How to Negotiate with Your Employer when You Get Laid Off

How to Negotiate with Your Employer when You Get Laid Off

How to Negotiate with Your Employer when You Get Laid Off

Life can change in an instant. After receiving the news that you’re getting laid off, it might feel like your entire world is coming to an end. A layoff can be brutal to endure, especially if you didn’t see it coming. What are you supposed to do now? Is it possible to pick up the pieces and move on to something better from here?

Dealing with a major shock is never easy. It’s natural to feel angry and worried after realizing you just lost your job. Nonetheless, it’s important to keep your head and avoid going into panic mode. Losing your job doesn’t necessarily leave you helpless. Now is the time to negotiate with your boss and get the benefits you deserve.

Come to Terms with Reality

Sometimes, bad things happen to good people. There are many reasons employers choose to lay people off. Maybe labor costs are too high, and long-term positions are going to those with seniority. Perhaps the company merged with another, and the new management team will be taking a different approach to staffing. It’s also possible that your performance simply wasn’t up to snuff.

None of these realities is easy to deal with, but if you can come to terms with the situation, you’ll be in a better position to negotiate a good severance deal. Do your best to avoid getting emotional. Don’t plead to keep your job or try to make an appeal about your financial burdens. Your boss likely already feels terrible about the situation. Maintain your dignity and avoid making the situation worse.

Look at Your Options

Most companies offer severance packages to help employees deal with layoffs. What’s in these packages can vary, and all elements of the package are almost always negotiable. Before you attempt to negotiate, review what your former employer is offering.

Severance Pay

Most layoff packages include some form of severance pay. Some companies provide the employee with six months of pay. This is only one of the possible benefits, and the exact amount is negotiable.

Remaining Sick Days and Vacation Time

After a layoff, some employers are willing to let you cash in your remaining vacation time and leftover sick days.

Medical Insurance

The possibility of losing your medical coverage is one of the most frightening aspects of a layoff. This is especially a problem if you or a dependent has health issues. But you have options. You should move quickly to make your decisions, because there are deadlines for applying.

  • COBRA. Many companies allow former employees to continue using the company medical plan for several months, under COBRA. COBRA can be expensive, but you can negotiate for the company to help cover your premiums or extend the coverage period while you look for a new job.

  • State marketplace. You can also enroll in your state's insurance marketplace, which can be much more affordable than COBRA. Depending on your income and the size of your family, you may be eligible for a subsidy to cover part of the costs.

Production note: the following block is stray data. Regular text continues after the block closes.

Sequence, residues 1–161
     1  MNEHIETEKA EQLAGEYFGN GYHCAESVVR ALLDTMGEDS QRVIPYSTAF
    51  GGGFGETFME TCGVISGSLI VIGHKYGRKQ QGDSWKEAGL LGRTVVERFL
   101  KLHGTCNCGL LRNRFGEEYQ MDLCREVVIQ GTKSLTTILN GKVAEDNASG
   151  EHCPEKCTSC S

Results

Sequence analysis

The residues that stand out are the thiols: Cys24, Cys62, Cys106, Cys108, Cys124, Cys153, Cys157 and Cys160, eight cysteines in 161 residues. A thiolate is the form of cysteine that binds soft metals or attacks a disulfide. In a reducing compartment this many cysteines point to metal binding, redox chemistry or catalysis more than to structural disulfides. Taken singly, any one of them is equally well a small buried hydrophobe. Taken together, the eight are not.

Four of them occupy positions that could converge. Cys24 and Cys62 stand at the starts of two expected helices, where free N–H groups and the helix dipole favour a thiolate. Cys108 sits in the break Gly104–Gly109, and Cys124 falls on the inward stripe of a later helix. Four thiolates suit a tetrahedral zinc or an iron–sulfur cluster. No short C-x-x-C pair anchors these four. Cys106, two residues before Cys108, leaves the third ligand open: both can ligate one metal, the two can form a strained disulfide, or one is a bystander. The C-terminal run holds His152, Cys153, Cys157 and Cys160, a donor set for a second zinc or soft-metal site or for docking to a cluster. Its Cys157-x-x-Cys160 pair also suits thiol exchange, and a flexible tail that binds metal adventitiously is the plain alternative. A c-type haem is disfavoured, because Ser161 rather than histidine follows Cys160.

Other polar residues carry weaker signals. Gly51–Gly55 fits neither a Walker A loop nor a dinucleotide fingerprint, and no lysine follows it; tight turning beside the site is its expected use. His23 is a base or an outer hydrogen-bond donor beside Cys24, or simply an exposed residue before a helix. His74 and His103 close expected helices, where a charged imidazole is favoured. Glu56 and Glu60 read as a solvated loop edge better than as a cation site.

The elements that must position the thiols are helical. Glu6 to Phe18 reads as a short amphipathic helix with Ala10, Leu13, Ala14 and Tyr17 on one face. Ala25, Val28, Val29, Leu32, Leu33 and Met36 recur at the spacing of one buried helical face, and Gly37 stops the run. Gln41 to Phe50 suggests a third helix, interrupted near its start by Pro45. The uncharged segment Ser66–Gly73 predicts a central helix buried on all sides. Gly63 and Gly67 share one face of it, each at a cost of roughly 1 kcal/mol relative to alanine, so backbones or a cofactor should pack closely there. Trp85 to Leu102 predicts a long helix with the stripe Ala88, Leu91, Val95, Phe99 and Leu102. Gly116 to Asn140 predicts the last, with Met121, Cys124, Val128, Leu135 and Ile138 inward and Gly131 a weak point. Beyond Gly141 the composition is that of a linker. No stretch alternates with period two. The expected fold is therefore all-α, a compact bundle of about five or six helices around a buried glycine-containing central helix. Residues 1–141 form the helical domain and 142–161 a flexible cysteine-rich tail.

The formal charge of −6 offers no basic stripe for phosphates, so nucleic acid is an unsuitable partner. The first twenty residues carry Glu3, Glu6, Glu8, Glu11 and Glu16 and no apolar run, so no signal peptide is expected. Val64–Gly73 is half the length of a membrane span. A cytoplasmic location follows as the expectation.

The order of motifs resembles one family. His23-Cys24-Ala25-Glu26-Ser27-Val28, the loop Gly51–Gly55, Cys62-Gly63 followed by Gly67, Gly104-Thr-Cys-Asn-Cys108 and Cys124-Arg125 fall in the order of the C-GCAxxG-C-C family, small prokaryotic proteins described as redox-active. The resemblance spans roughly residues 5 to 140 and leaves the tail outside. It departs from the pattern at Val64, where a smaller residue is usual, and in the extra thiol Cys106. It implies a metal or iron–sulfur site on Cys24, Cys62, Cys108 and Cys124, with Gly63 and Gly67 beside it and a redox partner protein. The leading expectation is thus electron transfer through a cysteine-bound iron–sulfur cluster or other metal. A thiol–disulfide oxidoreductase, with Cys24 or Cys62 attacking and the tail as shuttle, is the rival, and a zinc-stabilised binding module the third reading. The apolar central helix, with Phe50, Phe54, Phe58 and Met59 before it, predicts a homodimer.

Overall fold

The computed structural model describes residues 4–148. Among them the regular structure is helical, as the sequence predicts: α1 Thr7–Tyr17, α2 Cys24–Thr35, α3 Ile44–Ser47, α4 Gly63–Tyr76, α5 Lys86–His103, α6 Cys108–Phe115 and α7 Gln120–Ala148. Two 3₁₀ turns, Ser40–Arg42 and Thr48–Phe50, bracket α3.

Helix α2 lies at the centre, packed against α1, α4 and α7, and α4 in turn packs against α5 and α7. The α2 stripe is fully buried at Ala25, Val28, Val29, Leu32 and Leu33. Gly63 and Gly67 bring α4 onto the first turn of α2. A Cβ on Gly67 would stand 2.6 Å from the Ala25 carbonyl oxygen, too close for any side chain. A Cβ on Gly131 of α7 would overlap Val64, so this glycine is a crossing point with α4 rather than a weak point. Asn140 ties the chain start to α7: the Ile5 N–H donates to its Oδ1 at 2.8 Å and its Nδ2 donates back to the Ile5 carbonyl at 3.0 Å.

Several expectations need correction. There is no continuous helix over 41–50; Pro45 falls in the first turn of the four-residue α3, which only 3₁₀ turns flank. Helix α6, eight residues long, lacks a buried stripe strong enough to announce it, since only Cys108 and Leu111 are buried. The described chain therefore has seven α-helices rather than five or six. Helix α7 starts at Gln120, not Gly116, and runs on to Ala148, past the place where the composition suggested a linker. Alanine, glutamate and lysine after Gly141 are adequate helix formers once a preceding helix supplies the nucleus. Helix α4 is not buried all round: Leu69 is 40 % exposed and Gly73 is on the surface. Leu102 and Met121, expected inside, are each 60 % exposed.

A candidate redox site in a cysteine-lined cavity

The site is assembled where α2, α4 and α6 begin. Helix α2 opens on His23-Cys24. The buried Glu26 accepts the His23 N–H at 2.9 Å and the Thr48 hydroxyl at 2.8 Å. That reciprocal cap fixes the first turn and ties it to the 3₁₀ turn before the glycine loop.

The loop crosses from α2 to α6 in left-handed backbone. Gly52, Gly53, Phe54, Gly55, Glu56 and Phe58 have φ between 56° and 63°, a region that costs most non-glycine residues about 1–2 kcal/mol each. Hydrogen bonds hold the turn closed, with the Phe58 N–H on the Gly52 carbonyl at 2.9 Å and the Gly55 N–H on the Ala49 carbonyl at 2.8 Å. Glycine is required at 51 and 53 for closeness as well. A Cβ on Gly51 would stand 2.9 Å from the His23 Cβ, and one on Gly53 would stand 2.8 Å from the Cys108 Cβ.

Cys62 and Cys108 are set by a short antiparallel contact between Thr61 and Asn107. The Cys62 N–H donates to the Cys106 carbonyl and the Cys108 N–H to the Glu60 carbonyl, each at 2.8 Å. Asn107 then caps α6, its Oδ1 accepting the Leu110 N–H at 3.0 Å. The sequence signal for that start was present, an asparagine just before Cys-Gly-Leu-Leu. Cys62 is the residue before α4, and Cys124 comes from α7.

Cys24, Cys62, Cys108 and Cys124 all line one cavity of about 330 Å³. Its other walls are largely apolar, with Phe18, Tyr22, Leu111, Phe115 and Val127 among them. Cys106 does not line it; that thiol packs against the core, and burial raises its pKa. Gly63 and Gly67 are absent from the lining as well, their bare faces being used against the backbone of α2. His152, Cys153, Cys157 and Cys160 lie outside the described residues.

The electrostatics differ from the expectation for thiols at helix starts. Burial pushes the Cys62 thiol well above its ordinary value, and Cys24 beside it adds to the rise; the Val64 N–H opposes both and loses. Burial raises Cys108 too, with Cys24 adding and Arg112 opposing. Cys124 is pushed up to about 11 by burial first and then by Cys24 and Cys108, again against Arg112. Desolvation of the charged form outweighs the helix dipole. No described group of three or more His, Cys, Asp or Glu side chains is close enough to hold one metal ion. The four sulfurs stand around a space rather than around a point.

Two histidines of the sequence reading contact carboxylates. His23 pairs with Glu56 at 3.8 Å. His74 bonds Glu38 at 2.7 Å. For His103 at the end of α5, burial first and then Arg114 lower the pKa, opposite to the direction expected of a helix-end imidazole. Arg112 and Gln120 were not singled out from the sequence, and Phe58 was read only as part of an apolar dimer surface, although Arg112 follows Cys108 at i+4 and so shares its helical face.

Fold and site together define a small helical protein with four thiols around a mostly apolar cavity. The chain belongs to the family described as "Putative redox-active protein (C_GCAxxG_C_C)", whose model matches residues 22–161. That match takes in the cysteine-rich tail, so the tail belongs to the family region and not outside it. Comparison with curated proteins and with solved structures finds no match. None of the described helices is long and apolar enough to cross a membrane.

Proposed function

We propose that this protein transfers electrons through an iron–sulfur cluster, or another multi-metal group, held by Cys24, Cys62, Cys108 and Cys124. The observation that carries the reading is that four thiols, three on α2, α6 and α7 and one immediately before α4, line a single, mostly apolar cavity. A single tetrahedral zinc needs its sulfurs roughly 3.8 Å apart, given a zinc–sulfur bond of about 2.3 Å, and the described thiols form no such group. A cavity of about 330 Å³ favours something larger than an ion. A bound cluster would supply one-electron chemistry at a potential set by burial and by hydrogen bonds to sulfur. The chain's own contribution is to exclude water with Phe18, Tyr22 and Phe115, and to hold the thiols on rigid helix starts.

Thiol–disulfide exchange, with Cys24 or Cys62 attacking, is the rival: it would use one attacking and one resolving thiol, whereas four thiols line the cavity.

• Other options. Other common options you could look into are Medicaid, Medicare, and private insurance.

Stock Options

It’s standard procedure for a company to take back unvested stock options after an employee leaves the company. Nonetheless, it’s sometimes possible to negotiate how this process will work. For example, if you’re close to reaching a vesting point, your employer might be willing to end your employment on a later date. Some companies also offer special deals, such as accelerated option vesting.

References

Negotiations are about more than the details of your severance deal. You’ll also want to ask about references. A good reference from a former employer can go a long way in helping you find a new job.

Negotiate with Confidence

Once you've looked over the basics of your severance package, it’s wise to have the paperwork reviewed by a lawyer. If this isn’t possible, consider contacting an experienced colleague or anyone else who might be able to help.

After the review, spend some time going over your priorities. You can negotiate, but you most likely won’t get everything you want. Therefore, the best route forward is to head into the meeting with a good idea of what matters most.

When you’re ready, meet with your former boss to discuss the severance agreement. Be confident in yourself, and prepare to discuss the ways you’ve contributed to the company’s success. Don’t be boastful, and don’t rewrite history. Take an honest look at what you’ve accomplished, and find examples that demonstrate your value.

Keep Hope Alive for the Future

Getting laid off can be rough, and it may take some time to get used to the idea of moving on. Maintaining your confidence will be very important. If you know someone who's triumphed after their own layoff, try to get some perspective from them. In the meantime, do your best to negotiate an excellent deal, but also know that no matter what happens, you'll have other opportunities to start building a new future.

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